Danger of Community Designs


Poor skatepark design will lead to an empty facility. (Image courtesy Bud Stratford / Everything Skateboarding)

It seems wholesome to have local skateboarders design the skatepark. For preliminary concepts this is fine. These renderings can be distributed across the community as a “concept” of what the skatepark might look like, but when it comes to creating a usable, sustainable, and successful recreational facility, a professional designer must be hired.

Many experienced skateboarders feel that their time on a board qualifies them to be skatepark designers. They know the names of different skatepark structures, and have been to a handful (if not dozens) of skateparks and have seen what works and what doesn’t. Claiming that skateboarding experience qualifies a person to design skateparks is like saying that someone that likes to eat is a good cook. Skatepark design is nuanced, delicate, and requires lots of experience and an uncommon sensitivity to how people skate.

Parks and City planners sometimes mistakenly believe that a skatepark designed by local skaters will produce more organic ownership by the community. While the local community should absolutely have input on the design, putting the whole design responsibility upon inexperienced individuals will likely produce a negative result. Amateur designs produce inadequate facilities that fail to draw patrons. The individuals responsible for the design learn from their mistakes, but the damage is done and now the community has invested a great deal of time, energy, and resources into producing what ended up being a failed experiment. These parks sit dormant while local skateboarders return to the streets.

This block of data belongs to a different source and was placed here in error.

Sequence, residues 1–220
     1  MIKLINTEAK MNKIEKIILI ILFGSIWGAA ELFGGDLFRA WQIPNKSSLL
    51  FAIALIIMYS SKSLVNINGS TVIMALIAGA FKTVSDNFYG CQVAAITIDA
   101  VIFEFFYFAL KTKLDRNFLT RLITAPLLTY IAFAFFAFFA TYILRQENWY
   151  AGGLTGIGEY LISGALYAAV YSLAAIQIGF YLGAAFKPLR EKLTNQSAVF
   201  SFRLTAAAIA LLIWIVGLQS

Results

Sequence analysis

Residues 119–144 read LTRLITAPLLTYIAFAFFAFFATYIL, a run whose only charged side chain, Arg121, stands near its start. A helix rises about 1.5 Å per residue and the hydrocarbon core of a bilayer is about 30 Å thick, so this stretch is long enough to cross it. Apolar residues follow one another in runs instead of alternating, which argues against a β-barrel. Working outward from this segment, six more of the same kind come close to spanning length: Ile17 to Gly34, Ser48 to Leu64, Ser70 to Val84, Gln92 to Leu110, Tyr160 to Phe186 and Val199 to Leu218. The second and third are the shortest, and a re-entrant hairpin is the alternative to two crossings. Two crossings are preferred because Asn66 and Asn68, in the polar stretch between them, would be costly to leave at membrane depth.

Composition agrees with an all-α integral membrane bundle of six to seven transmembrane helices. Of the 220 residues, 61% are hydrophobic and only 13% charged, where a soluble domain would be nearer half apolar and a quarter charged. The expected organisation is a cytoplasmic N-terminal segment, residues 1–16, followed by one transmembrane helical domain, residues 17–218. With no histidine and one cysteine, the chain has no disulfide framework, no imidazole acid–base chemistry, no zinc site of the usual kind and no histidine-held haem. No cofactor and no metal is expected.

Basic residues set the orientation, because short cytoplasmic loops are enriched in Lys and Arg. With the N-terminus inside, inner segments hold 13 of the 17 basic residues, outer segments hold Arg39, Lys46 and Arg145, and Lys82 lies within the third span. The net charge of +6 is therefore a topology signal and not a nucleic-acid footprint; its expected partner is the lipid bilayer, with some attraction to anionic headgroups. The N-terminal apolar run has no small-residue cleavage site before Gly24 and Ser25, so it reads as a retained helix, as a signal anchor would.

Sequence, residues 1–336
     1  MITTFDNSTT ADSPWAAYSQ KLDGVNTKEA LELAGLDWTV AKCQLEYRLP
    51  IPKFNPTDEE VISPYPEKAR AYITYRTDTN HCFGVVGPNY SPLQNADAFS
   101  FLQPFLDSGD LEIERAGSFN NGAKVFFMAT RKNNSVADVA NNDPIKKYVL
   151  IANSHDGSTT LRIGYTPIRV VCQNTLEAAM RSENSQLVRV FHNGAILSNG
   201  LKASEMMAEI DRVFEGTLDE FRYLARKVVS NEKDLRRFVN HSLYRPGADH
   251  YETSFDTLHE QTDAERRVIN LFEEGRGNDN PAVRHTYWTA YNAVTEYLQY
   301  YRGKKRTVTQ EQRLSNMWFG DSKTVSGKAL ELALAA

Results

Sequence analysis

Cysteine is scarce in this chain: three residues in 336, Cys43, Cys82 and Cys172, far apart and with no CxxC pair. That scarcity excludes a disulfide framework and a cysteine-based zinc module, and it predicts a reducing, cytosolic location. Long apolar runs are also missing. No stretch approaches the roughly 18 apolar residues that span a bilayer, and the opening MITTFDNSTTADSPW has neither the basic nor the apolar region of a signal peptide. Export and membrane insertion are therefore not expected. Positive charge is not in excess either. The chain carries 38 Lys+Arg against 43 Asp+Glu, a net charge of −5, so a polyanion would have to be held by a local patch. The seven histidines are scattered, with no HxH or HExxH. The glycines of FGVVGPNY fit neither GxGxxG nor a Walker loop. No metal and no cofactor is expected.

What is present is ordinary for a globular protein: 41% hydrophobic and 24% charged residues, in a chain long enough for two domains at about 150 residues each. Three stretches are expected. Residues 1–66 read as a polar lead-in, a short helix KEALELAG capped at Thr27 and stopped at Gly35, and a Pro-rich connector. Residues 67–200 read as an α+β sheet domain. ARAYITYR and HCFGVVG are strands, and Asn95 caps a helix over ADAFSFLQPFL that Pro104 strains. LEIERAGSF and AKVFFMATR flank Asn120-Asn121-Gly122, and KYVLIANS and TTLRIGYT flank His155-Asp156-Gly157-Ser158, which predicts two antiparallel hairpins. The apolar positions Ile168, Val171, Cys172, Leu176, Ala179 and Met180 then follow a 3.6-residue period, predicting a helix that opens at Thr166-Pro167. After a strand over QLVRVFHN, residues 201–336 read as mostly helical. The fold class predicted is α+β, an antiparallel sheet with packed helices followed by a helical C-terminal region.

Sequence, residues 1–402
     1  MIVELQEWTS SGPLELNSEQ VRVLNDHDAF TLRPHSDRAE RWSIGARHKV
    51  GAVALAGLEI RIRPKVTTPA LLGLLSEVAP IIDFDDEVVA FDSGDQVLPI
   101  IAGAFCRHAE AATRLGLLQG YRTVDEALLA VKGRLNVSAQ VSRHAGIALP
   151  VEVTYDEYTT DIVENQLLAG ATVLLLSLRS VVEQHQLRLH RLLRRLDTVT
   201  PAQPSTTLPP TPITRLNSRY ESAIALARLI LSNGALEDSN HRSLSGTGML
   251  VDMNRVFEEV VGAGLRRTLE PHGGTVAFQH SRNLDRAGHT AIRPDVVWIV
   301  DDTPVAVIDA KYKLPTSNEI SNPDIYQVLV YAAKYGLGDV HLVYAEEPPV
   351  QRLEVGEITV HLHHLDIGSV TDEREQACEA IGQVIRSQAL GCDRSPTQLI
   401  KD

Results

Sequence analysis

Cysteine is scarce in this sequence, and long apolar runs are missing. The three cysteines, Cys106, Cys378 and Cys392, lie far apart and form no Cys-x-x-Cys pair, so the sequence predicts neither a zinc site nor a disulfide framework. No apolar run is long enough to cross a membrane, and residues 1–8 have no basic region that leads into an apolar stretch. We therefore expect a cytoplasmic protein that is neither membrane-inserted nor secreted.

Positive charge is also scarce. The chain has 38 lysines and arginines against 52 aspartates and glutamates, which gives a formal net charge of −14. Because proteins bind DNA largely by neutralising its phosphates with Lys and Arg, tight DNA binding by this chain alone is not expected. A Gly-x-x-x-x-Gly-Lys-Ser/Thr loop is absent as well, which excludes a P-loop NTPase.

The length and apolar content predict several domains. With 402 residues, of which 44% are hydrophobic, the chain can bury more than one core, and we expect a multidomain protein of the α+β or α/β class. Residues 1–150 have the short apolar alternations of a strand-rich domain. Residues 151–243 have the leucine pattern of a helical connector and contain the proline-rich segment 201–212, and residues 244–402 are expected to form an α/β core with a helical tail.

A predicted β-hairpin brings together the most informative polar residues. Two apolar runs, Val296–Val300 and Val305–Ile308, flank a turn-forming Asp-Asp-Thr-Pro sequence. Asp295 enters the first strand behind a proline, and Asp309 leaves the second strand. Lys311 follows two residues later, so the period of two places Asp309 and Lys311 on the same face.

Individuals that have been involved with the advocacy and fundraising effort are certainly in a unique opportunity to directly influence the skatepark design.  This has some advantages and disadvantages. One advantage is that the individuals most passionate about the skatepark are in a position to be most influential. A disadvantage is that in some situations, the skatepark advocates have very specific ideas about the kind of skatepark they desire but that may not best meet the needs of the larger skateboarding community.

The flip-side of this situation is when the managing agency, like the Parks Department, makes executive decisions about who will design the skatepark without the skateboarders’ input. This usually results in a mediocre facility that put the short-term financial interests of the Parks Department over the needs, hard work, and financial contribution of the local youth. (There is also the added detriment of removing this critical decision from the hands of those that will spend the most time at the facility.)

The bottom line is that the skateboarding community needs to be directly involved with every aspect of the skatepark development, but must be sensitive to the fact that they themselves are not skatepark designers, and should leave the management of that particular task to those who are more qualified.